Illustration: Mikey Burton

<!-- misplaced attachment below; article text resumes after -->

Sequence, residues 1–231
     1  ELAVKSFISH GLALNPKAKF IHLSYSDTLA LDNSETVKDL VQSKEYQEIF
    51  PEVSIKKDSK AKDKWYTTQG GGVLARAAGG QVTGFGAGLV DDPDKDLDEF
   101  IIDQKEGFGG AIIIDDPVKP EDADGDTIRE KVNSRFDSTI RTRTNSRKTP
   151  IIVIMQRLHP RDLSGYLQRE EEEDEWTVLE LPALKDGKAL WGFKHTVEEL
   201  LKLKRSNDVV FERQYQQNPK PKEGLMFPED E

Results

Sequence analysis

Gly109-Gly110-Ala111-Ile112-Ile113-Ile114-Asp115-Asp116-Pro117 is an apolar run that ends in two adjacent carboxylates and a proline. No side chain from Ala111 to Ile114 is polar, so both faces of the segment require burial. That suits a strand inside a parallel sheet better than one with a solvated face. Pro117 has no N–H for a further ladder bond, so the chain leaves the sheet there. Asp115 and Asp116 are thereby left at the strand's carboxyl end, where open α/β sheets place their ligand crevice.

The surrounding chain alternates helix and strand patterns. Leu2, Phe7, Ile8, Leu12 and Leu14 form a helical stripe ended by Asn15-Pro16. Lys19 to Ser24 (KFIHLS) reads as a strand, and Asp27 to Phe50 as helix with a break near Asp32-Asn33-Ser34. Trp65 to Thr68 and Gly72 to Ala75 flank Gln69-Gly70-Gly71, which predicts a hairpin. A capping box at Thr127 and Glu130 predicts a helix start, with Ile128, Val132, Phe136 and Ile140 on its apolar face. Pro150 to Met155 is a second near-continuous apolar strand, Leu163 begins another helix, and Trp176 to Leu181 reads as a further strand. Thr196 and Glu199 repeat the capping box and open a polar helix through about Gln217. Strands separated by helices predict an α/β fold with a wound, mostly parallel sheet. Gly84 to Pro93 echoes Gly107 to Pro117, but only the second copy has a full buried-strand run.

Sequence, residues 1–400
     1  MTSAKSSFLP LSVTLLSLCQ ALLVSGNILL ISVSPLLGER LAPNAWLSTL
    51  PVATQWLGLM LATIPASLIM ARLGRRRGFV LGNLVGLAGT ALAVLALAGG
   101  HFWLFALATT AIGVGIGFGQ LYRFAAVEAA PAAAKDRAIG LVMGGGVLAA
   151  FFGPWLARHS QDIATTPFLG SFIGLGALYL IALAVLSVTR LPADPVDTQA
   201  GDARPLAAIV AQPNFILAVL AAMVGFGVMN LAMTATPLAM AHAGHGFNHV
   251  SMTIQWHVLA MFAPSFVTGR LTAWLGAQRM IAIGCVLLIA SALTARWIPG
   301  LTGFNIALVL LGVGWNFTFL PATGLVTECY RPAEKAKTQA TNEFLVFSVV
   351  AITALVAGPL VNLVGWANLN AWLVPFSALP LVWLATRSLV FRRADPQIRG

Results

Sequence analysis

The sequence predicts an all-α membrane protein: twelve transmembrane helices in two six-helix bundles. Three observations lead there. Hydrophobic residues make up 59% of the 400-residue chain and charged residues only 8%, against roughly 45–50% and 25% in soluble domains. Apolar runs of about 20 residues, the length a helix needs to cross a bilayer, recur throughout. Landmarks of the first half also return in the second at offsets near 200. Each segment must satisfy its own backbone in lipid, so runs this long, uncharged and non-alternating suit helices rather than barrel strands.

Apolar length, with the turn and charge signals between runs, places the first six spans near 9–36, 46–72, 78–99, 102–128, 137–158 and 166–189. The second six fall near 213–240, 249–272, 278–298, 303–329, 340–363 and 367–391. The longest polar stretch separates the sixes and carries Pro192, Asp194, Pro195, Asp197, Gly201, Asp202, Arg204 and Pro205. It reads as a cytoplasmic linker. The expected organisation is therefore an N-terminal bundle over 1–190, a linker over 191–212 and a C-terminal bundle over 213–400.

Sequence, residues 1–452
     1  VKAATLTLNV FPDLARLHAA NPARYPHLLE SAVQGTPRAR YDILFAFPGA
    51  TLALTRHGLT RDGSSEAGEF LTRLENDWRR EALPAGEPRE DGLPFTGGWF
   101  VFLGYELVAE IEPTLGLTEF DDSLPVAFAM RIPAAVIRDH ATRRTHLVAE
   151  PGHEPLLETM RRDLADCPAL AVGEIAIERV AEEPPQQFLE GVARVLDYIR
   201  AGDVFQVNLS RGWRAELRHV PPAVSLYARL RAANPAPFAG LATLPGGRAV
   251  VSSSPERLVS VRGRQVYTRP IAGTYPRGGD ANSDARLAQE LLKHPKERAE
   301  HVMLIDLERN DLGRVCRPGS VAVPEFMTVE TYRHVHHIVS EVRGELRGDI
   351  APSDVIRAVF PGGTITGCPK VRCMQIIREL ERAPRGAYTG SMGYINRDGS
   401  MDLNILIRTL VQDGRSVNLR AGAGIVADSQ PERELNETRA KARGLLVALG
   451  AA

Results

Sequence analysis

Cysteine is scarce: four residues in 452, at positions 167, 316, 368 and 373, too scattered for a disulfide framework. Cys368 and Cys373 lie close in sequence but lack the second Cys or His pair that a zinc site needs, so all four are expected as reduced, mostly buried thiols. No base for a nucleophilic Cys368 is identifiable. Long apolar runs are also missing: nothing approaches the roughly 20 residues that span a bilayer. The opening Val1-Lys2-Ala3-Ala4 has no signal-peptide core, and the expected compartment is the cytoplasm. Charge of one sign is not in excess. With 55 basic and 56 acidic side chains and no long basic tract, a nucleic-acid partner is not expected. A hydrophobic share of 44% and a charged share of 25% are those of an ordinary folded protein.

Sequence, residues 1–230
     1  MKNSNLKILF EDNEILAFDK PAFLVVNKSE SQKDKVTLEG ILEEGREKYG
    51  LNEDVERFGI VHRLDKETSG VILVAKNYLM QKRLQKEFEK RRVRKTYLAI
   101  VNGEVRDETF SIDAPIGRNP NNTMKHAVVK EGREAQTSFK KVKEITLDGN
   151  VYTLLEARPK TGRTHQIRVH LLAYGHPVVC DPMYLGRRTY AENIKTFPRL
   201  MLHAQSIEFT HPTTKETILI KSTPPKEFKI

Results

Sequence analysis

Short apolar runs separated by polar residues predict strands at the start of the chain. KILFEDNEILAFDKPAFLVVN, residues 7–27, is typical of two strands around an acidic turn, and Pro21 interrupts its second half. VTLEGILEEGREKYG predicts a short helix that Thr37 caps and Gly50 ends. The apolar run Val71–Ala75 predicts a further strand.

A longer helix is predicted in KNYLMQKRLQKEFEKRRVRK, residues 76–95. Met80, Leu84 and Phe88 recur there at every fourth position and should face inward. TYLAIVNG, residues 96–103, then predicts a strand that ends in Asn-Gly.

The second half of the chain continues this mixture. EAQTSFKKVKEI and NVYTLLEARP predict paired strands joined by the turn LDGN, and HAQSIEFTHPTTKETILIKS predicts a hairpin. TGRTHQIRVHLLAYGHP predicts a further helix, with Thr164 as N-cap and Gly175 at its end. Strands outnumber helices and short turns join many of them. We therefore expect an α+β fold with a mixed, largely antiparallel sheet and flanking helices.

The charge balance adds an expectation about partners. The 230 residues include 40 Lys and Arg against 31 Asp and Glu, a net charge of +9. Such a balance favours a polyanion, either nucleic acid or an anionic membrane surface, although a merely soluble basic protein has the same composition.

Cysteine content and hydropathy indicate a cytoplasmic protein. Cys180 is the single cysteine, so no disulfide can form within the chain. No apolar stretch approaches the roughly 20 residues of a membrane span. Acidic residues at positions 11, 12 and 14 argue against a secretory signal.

There's no set length of time marking the transition from acute to chronic loneliness. What matters is how you deal with your feelings. "Blaming yourself impairs your ability to find satisfaction in any relationship," says Hawkley. "You may get used to isolation, which in turn makes it harder to engage socially and pushes you even more to the periphery." This can cause some to lose trust in everything and everyone around them. And at its extreme, and in very rare instances, there's a danger to this kind of loneliness: "I witnessed this while covering the shooting of Congresswoman Gabrielle Giffords and 18 others in Arizona, the massacre in Aurora, and the horror in Newtown," says Sanjay Gupta, MD. "Experts almost always described the shooters as 'loners' or 'isolated.' While these tragedies brought up many complex issues, including gun control, loneliness is one factor we can address." While most people who suffer from loneliness will never turn violent, it's not a condition we can afford to ignore, says psychiatrist Jacqueline Olds, MD. "Once we acknowledge loneliness—without making a person feel ashamed—we can conquer it."
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